I’ve said it before, and it rings true today more than ever. Nothing worth saving comes without a fight. And the fight for Bristol Bay will continue to be a monumental battle that the Sportsman’s Alliance for Alaska is proud to engage in.

American Sportfishing Association takes position on Bristol Bay / Pebble Mine

The SAA worked with the governmental affairs staff of the American Sportfishing Association (ASA) to secure a letter from the ASA to Alaska’s Governor Sarah Palin and U.S. Secretary of Interior Dirk Kempthorne to register the ASA’s position on the Bristol Bay situation. The ASA represents over 750 sportfishing manufacturers, retailers, and angler advocacy groups, as well as the interests of America’s 40 million recreational anglers. Thank you to the ASA for joining the fight! The letter can be viewed on the SAA web site on the Latest News page. The SAA will be presenting to the ASA’s Governmental Affairs Committee at the upcoming Sportfishing Summit in late October. Look for the ASA and its members to continue their involvement in the Bristol Bay campaign.

The SAA’s work with the sportfishing industry in support of Bristol Bay conservation continues to gather momentum. The latest version of our sportfishing support advertisement is now posted on the Latest News page of the SAA web site. Check it out – it’s getting close to maximum density with over 125 companies now showing their support! We’ve added a number of foreign companies as well as a number of non-fly fishing manufacturers.

2009 Sport Show Schedule

As soon as the fall hunting seasons end, and waters freeze over in some parts of the country, the next season is “sport show season.” The SAA has been welcomed at dozens of shows across the country the past two years and 2009 will again find the SAA booth making the rounds. It’s a great chance to visit with anglers and hunters about what makes Alaska such a tremendous destination and what they can do to help keep it that way.

In an effort to conserve both funds and my physical and mental well-being the SAA will be soliciting volunteers to work at any and all of these shows. I will be at a number of them, but not all of them. Thank you in advance to the Federation of Fly Fishers and the Renewable Resources Coalition for their willingness to help staff the booth at a number of shows.

Jan. 2-3

The Fly Fishing Show

Portland, OR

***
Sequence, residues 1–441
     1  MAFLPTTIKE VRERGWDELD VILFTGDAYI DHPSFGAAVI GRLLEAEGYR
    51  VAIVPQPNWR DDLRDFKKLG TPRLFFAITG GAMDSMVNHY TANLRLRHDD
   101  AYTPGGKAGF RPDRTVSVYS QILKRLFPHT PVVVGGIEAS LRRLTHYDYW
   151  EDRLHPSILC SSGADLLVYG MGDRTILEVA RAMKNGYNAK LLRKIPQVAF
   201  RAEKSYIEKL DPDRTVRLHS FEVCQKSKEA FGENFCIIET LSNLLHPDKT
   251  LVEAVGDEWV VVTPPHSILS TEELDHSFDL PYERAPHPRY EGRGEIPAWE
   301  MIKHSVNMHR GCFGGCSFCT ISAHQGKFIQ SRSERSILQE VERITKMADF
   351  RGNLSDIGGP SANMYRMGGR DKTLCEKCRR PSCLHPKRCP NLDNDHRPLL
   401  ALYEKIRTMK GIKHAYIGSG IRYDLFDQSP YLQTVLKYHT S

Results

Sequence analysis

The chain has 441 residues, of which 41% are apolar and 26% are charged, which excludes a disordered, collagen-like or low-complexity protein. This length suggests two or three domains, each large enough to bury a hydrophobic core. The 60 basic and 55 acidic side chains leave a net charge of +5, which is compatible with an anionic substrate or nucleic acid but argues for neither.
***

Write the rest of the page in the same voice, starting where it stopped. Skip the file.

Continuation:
Jan. 8-11

Dallas Safari Club convention

Dallas, TX

Jan. 8-11

International Sportsmen’s Expo

San Mateo, CA

Jan. 9-11

The Fly Fishing Show

Denver, CO

Jan. 16-18

The Fly Fishing Show

Marlborough, MA

Jan. 22-25

International Sportsmen’s Expo

Denver, CO

Jan. 23-25

The Fly Fishing Show

Somerset, NJ

Jan. 30-31

The Fly Fishing Show

Charlotte, NC

Feb. 6-8

The Fly Fishing Show

Bellevue, WA

Feb. 20-22

Great Waters Fly Fishing Expo

Schaumburg, IL (tentative)

Feb. 21-22

The Fly Fishing Show

Pasadena, CA

Feb. 27-Mar. 1

The Fly Fishing Show

Pleasanton, CA

Mar. 6-8

Great Waters Fly Fishing Expo

Bloomington, MN

Apr. 3-5

FFF National Fly Fishing Expo

Central Florida

If you are interested in volunteering a few hours or a day or two this coming winter, please contact me ( or 605-351-1646). You’ll get a free pass to the show. It’s not difficult work and you meet a lot of great people who love Alaska, hunting, fishing, and the great outdoors. Just a word of warning though: Often you’ll find terrific buys on some new gear that you surely “need.” Bring your wallet!

Thank you to these shows for providing complementary exhibit space to the SAA. Please attend these shows in your area and support them – they’re doing their part to help spread the word about Alaska conservation! For more details on the shows, you can visit their web sites:

Other Ways to get Involved

Aside from volunteering at any of the shows in 2009, consider any of these opportunities to make a financial contribution to the Bristol Bay campaign. Every little bit helps us make more anglers and hunters aware of the conservation work being done to keep Alaska the dream destination that it is.

Scott HedWell, that’s all for this edition of the newsletter. Thanks for reading this far! It had been a few months since the last SAA newsletter. Things have been busy, and I even managed to get to Alaska once this summer. Check out yours truly with a nice ‘bow from the Arolik River!

Thank you for all you do for conservation and for Alaska!

Scott Hed
Sportsman’s Alliance for Alaska